On the urgent need to eliminate nuclear weapons as a matter of global health and survival.
Statement By The International Council Of Nurses (ICN), International Federation Of Medical Student Associations (IFMSA), International Physicians For The Prevention Of Nuclear War (IPPNW), World Federation Of Public Health Associations (WFPHA) And The World Medical Association (WMA).
Representing physicians, nurses, public health professionals, and medical students worldwide, we speak with a united voice on the urgent need to eliminate nuclear weapons as a matter of global health and survival. Updated evidence on the catastrophic consequences of any use of nuclear weapons, the acute and growing danger of their use, and the impossibility of any effective humanitarian and health response following nuclear explosions on populations, should underpin the work of the upcoming 1st Meeting of States Parties (1MSP) of the Treaty on the Prohibition of Nuclear Weapons (TPNW).
The TPNW is based upon a body of indisputable evidence, documented by scientists, health professionals, and experts in crisis management and response, that the consequences of nuclear weapons use are catastrophic, global, and without remedy. The Treaty concludes— and we concur— that the prohibition and elimination of nuclear weapons is the only responsible course of action in the face of such consequences.
The detonation of nuclear weapons produces incinerating heat, powerful shock waves and overpressures, ionizing radiation, an intense electromagnetic pulse, and massive amounts of smoke and soot that can alter the Earth’s climate. Unlike conventional weapons or other weapons of mass destruction, nuclear weapons instantaneously wipe out entire populations, level cities, and devastate the environment. They produce radioactive contamination that remains active for millennia, causing cancers and other illnesses that can persist across generations. Moreover, the environmental consequences of nuclear war, including severe climate disruption, can lead to global famine and, in the most extreme case, human extinction. No meaningful medical or disaster relief response to the detonation of nuclear weapons is possible.
Since the adoption of the Treaty, new data about climate effects has been published documenting the impacts from both limited and large-scale nuclear conflicts. IPPNW has submitted a briefing paper to the 1MSP that summarizes the blast, heat, and radiation effects of nuclear weapons, as well as the global impacts of nuclear war on climate, nutrition, and food security. This evidence should continue to drive the process of implementing the Treaty, its prohibitions, and its positive obligations.
The world has not been this close to nuclear war since the Cuban Missile Crisis of 1962. If the conflict in Ukraine were to escalate to the use of nuclear weapons, the consequences would almost certainly be global and catastrophic. Diplomacy is urgently needed to remove the danger of nuclear escalation in the current crisis, and needs to progress to negotiations among all nuclear-armed states to eliminate their nuclear arsenals under strict verification and timelines.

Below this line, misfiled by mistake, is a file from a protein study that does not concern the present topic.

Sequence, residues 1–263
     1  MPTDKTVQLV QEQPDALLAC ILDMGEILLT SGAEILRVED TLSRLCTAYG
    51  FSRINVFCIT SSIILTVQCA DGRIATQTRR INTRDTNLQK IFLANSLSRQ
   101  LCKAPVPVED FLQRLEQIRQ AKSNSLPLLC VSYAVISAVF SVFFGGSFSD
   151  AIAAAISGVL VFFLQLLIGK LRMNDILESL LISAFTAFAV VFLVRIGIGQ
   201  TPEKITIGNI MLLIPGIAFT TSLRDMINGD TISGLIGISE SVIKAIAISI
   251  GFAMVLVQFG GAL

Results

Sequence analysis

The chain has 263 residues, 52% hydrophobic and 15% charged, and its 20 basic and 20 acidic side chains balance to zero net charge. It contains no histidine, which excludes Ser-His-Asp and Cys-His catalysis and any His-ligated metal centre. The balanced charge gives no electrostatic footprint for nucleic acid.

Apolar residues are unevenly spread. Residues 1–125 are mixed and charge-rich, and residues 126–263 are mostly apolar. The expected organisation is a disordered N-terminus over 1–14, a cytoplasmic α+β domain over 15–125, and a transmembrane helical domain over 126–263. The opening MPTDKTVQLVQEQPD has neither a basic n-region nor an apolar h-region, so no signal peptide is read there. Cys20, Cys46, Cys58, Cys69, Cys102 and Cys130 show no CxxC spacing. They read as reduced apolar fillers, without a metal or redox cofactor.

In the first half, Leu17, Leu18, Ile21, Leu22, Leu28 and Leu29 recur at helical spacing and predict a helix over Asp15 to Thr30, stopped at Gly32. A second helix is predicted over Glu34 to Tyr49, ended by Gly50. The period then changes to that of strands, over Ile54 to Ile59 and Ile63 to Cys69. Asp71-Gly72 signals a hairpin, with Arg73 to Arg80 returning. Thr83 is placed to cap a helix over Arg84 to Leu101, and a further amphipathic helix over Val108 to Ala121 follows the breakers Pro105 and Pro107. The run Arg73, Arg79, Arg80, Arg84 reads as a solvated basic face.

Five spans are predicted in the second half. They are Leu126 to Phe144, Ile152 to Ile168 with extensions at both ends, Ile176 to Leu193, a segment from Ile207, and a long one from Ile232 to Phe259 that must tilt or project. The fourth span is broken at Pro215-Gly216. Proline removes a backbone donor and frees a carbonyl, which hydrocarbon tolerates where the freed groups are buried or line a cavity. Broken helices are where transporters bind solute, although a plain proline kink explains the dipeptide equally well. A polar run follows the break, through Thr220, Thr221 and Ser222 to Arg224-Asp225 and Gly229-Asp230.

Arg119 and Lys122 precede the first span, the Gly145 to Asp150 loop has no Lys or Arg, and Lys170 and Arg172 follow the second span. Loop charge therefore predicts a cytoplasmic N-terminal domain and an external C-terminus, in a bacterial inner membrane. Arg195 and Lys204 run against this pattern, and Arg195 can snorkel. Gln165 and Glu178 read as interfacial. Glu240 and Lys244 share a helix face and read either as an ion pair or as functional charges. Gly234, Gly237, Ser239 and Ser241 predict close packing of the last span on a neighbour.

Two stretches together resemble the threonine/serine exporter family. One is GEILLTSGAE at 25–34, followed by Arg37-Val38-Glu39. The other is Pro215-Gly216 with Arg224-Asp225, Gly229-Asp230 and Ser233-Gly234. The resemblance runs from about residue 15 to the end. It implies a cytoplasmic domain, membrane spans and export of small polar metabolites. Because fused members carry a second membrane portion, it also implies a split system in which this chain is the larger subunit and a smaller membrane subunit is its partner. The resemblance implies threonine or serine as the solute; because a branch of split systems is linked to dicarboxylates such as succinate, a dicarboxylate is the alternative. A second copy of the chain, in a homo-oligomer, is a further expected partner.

As the World Health Organisation has stated, nuclear weapons pose the greatest immediate threat to human health and welfare. The elimination of nuclear weapons is the only way to put an end to this preventable and intolerable threat.
As member and observer states prepare to meet in Vienna for the 1st Meeting of States Parties, we call for prompt and universal ratification and implementation of the Treaty on the Prohibition of Nuclear Weapons.
• International Council of Nurses (ICN) is the international federation of nursing organizations representing national nurses’ associations in 130 countries.
• International Federation of Medical Student Associations (IFMSA) envisions a world in which medical students unite for global health and are equipped with the knowledge, skills and values to take on health leadership roles locally and globally. Founded in 1951, it is one of the world’s oldest and largest student-run organizations. It represents, connects and engages a network of 1.3 million medical students from 145 national member organizations in 134 countries.
• International Physicians for the Prevention of Nuclear War (IPPNW) is a federation of health professional organizations in 55 countries dedicated to the eradication of nuclear weapons IPPNW received the Nobel Peace Prize in 1985, and founded the International Campaign to Abolish Nuclear Weapons (ICAN), which received the Nobel Peace Prize in 2017.
• World Federation of Public Health Associations (WFPHA) is an international federation of 130 national and regional public health associations, representing 5 million public health professionals worldwide. WFPHA is the only worldwide professional society representing and serving the broad field of public health internationally.
• World Medical Association (WMA) is an international organization representing physicians, with 115 national member organizations and thousands of associate members worldwide.